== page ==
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Last Updated on November 26, 2020

30 Powerful Quotes to Motivate You to Build Good Habits

30 Powerful Quotes to Motivate You to Build Good Habits

Let’s face it, we’re all searching for the secret to success to get the edge, secure that promotion, and move effortlessly toward the direction of our aspirations. If this sounds like you, rest assured it’s human nature to want more and to look for shortcuts to self-mastery.

The truth is that finding the motivation to build good habits is what differentiates the mediocre from the extraordinary. If you are willing to apply disciplined daily action in pursuit of your goals with consistency, you will see remarkable results. But we all know this, there’s nothing new here.

When we dig a little deeper, it turns out that it’s the rituals we create in our daily lives that keep us ascending the stairway to success, which sees us rise to our fullest potential and produce at an elite level.

Research conducted by University College London demonstrates that it takes 66 days to install a habit or to reach automaticity—the point where a habit has been integrated and can be performed automatically without willpower.[1]

The key to attaining this is maintaining the willpower to succeed in the days and weeks preceding automaticity, and this is where most people fail. Sometimes, all you need is a little push or flash of insight from an inspirational quote.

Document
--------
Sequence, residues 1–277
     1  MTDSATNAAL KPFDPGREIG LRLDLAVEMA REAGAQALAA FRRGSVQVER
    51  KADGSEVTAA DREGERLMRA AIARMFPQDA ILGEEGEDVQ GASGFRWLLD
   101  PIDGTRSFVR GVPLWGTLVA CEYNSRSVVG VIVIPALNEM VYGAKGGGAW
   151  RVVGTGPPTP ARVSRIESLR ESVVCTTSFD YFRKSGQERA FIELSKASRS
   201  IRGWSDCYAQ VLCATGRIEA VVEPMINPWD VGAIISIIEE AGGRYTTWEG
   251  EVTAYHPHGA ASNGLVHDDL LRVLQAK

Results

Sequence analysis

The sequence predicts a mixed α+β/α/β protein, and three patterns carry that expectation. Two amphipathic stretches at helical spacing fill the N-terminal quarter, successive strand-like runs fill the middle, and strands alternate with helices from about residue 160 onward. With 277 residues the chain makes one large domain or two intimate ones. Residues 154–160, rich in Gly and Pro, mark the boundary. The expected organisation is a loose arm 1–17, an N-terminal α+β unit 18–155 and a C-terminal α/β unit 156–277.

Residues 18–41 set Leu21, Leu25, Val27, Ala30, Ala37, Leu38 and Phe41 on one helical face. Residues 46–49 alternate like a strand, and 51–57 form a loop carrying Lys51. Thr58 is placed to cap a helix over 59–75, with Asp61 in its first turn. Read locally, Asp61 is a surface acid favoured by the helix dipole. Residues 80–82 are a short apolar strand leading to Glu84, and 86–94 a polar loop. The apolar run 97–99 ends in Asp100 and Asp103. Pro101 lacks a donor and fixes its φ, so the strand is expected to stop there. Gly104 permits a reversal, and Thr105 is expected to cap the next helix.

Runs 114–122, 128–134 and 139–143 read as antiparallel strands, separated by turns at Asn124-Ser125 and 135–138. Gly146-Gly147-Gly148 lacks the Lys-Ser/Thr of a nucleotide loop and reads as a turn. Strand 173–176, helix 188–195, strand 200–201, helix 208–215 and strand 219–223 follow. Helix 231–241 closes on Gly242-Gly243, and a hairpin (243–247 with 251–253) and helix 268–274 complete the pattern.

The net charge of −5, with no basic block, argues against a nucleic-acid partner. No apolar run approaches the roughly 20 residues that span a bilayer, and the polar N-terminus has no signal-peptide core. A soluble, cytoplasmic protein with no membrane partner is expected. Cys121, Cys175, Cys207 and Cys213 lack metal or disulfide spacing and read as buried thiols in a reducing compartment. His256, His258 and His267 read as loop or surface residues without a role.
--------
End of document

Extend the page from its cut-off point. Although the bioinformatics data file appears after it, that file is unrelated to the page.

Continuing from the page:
Below are 30 of the most potent, life-changing habit quotes that will supercharge your focus, keep you locked on building good habits, and give you that extra boost to create radical transformation in your life.

Let’s get started…

Find Your Deeper Why’s (What’s Driving You?)

“People tell me all the time, well I’m just not a morning person. You either hate waking up because you go to bed way too late, or because you don’t know the reason you’re getting out of bed.”

―Ryan Serhant

“Definiteness of purpose is the starting point from which one must begin”

―Napoleon Hill

“It’s not about who you are today, it’s about who you want to become and the price you are willing to pay to get there.”

―Tom Bilyeu, Founder Impact Theory

“And actually, it’s not repetition that creates habits. It’s emotions that creates habits.”